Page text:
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OTS examines the ‘gig economy’

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The Office of Tax Simplification has published a paper to promote discussion on how workers, engagers and platforms in the ‘gig economy’ interact with the tax system. The paper considers matters including: individuals with multiple income streams; the involvement of engagers and whether employment taxes are due; and the differences between employment status and employment rights.

With the government running a number of concurrent studies and the recent Uber employment tribunal case making headlines, the OTS is concerned to ensure that tax aspects are considered.

The paper defines the terms:

·         ‘gig’ is where organisations and independent workers contract for short-term engagements;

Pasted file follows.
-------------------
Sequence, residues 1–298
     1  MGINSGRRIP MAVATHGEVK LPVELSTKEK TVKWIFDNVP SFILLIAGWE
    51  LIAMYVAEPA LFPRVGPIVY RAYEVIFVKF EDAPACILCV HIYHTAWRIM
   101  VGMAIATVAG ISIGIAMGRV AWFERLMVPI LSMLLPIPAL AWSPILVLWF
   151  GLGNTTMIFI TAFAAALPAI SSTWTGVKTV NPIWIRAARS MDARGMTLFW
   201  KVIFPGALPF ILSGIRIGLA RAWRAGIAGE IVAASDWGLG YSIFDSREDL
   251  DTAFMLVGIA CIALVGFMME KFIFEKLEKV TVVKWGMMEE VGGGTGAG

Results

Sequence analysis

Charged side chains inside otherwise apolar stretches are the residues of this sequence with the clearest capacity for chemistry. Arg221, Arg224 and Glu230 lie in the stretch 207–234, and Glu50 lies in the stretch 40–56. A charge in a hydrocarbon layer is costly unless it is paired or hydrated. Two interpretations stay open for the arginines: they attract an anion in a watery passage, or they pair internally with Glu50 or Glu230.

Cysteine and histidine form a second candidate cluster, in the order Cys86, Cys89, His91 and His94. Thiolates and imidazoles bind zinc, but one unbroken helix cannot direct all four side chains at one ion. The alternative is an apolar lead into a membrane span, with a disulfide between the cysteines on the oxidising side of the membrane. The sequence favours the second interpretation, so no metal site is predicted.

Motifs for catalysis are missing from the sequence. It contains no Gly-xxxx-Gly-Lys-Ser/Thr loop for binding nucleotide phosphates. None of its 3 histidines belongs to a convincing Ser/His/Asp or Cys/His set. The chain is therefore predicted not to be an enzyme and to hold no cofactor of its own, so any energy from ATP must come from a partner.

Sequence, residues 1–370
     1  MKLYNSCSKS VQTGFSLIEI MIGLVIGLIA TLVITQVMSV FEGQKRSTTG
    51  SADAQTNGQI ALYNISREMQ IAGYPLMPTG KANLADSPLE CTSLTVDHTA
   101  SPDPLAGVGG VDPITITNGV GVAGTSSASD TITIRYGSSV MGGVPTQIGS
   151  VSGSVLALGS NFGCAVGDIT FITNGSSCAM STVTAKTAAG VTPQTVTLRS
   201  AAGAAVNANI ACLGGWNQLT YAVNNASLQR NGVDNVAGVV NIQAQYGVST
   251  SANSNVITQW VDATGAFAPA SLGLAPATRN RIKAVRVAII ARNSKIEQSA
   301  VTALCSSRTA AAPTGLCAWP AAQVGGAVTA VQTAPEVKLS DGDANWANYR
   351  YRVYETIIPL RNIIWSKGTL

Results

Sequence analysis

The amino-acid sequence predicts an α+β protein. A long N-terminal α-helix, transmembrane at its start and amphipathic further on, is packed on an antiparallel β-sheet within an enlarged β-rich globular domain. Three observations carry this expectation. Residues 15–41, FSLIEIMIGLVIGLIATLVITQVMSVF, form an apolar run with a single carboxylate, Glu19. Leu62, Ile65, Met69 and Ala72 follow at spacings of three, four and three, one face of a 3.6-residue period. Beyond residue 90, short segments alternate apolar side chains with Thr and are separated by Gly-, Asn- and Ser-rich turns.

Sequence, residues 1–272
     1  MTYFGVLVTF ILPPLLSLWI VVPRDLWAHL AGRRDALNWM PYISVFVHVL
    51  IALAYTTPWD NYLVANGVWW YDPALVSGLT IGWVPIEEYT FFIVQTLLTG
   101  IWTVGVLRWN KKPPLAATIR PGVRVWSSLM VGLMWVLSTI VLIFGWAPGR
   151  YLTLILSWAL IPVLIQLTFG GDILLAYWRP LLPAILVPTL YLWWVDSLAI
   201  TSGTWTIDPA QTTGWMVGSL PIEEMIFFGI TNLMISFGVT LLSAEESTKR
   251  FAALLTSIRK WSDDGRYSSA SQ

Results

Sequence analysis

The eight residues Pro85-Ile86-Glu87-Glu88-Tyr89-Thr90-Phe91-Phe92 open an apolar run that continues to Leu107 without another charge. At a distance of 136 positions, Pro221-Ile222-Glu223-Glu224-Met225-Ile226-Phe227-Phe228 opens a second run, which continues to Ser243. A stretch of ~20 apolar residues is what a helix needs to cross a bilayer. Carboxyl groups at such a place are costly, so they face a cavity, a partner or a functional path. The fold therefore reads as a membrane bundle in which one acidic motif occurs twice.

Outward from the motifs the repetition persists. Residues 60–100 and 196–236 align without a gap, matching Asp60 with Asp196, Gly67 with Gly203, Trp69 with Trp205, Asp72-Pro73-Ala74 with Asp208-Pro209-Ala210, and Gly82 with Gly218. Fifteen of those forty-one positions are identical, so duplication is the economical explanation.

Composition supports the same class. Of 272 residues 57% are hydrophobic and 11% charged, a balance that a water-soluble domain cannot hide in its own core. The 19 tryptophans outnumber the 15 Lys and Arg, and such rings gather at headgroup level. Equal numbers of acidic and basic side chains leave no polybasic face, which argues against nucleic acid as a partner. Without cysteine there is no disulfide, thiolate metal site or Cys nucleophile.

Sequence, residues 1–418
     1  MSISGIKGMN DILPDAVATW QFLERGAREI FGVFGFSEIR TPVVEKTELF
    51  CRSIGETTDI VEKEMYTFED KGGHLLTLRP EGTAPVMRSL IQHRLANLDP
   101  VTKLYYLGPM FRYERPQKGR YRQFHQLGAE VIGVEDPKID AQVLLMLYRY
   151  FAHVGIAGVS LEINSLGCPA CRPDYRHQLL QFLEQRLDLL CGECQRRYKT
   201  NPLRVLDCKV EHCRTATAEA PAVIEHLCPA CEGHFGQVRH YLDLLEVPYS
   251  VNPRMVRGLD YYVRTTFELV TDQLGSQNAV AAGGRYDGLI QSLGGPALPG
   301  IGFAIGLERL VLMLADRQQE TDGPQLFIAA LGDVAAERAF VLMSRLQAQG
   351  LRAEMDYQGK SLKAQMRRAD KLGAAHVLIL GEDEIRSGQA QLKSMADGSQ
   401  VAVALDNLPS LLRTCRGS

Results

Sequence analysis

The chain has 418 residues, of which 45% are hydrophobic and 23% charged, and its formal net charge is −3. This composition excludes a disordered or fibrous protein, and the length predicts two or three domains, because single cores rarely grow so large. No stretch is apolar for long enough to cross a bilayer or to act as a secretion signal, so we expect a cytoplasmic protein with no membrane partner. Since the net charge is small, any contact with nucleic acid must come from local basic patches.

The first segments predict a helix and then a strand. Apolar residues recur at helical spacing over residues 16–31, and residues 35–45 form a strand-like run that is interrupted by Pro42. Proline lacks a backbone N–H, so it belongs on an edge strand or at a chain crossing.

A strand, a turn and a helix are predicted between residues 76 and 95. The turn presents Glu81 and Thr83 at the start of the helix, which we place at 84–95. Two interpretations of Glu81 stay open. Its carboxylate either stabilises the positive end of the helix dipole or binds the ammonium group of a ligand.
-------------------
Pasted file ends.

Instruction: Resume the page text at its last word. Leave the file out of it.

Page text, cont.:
·         ‘sharing’ in this context means generating money by sharing or renting out assets; and

·         ‘platform’ is the use of IT systems to facilitate/connect opportunities for gig/sharing.

The OTS raises the following tax issues for discussion:

·         the individual worker who contracts for a gig: are they employed or self-employed for tax purposes? How do they interact with the tax system? Is the system simple for them?

·         the platform operator: could they become more involved beyond simply sorting out their own tax position?

·         the individual or company who is offering the gig: does the hirer have any role?

·         HMRC: the tax system has existing rules, systems to gather data and ways of assessing that will apply to those working in the Gig and Sharing Economies, just as to the generality of taxpayers. But what of the practicalities? What about knowing who the individuals are in the first place and then managing the increased monitoring load?

·         the exchequer: does gig working mean lower tax receipts, particularly of employer NICs?


Issue: 1335
Categories: News